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Two Poems by Michelle Watters

moon goddess moonlights as a suburban housewife

she could be drawing down the moon
but instead she loads the dishwasher
reminds her daughter to do her homework

she has the ability to stop rivers
turn back the wheel of the stars
but today she is going to tackle cleaning the refrigerator

when she closes her eyes during these mundane tasks
she remembers who she is
the gown she once wore made of stars
how the moon smelled like burnt marshmallows

At night when her family is sleeping
she stands outside so the moon can see her.
Her skin shimmers in its fullness

her husband once knew she was a moon goddess but has forgotten
afraid of losing her power
at night she still practices calling the trees to march

when she takes out the trash she closes her eyes
and she is dancing on a comet with the other moon goddesses
she pulls down a star and puts it on her head like a hat
the other moon goddesses open their mouths to laugh
tiny stars spill out and blanket the sky


High School

starve myself until I miss a period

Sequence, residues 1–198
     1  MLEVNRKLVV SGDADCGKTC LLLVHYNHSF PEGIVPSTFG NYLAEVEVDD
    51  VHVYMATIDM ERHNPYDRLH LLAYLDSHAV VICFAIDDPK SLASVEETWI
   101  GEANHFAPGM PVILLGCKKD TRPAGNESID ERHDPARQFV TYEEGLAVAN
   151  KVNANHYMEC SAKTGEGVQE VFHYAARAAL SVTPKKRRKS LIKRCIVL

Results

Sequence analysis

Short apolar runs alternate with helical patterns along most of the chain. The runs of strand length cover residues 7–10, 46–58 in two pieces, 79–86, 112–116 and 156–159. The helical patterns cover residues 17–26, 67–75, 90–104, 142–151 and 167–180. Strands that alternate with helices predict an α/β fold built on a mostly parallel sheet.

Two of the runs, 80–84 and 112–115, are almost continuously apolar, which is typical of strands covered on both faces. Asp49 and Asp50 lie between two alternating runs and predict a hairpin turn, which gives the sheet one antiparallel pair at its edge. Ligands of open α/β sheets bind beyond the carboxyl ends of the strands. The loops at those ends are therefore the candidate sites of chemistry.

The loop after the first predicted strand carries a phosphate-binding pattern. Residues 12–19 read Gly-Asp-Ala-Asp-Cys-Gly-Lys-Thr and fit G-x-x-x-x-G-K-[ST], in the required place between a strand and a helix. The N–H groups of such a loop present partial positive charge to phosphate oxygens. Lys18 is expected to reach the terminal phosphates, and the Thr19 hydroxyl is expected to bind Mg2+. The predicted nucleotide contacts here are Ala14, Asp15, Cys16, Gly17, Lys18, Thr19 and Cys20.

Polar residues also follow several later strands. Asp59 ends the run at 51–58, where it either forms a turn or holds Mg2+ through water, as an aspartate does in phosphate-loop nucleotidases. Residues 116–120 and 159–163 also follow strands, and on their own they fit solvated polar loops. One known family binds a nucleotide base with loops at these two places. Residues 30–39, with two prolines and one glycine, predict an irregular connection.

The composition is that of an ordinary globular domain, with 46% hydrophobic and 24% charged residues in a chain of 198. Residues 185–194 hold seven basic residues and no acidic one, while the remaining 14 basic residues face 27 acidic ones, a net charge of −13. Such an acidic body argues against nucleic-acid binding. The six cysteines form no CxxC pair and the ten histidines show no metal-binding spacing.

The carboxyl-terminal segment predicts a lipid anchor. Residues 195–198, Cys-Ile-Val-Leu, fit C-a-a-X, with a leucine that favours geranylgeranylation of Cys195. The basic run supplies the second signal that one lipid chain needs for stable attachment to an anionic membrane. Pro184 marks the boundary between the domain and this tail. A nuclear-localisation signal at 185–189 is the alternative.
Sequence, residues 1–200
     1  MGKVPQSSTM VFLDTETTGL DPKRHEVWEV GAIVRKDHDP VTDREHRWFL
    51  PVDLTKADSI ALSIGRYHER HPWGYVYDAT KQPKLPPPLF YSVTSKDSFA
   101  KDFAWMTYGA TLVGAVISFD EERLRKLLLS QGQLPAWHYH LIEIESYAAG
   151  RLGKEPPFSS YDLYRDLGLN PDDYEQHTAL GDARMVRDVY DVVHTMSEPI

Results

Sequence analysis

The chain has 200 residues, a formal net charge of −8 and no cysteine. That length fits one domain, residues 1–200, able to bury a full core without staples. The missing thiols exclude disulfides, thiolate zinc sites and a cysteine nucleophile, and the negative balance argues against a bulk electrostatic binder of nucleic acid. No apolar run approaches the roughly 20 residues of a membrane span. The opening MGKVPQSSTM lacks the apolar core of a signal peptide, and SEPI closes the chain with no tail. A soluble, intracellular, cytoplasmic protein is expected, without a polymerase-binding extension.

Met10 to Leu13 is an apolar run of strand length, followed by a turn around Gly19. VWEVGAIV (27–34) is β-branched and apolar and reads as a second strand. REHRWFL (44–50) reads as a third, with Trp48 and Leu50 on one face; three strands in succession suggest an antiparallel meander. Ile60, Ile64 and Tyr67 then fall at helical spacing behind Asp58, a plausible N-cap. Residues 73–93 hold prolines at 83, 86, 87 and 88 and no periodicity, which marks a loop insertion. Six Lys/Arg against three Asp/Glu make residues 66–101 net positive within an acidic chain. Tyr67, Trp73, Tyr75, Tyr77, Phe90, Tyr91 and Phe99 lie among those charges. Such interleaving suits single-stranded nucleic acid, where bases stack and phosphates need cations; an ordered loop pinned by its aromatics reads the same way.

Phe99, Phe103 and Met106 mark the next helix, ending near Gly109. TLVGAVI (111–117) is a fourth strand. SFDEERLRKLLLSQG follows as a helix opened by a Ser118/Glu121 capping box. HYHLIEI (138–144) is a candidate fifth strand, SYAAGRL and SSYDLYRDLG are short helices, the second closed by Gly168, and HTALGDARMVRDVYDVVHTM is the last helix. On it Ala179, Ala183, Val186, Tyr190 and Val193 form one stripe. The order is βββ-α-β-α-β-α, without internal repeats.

then be convinced I am pregnant

hard-ons push against me and in me
wait until he gets off
so I can get up
and
clean myself

pinned against a couch
backseat of the car
a wall

as insignificant as a piece of paper
I am a scribble
an ink blot
easily crumpled and tossed

girls hate me because I can’t say no
to their boyfriends
not caring
I swallow pills until my stomach is bloated
throw them up

my mother is jealous of something
I do not want
youth
so easy to lose
shed like old clothing


about the author:

Michelle Watters poetry has appeared in S/tick, Bop Dead City, Red Paint Hill Poetry Journal, Decades Review, Black Heart Magazine, and The Best of The Burlington Writers Workshop Anthology. She is an assistant poetry editor for Mud Season Review. Michelle lives in Shelburne, Vermont with her husband, daughter and two dogs.

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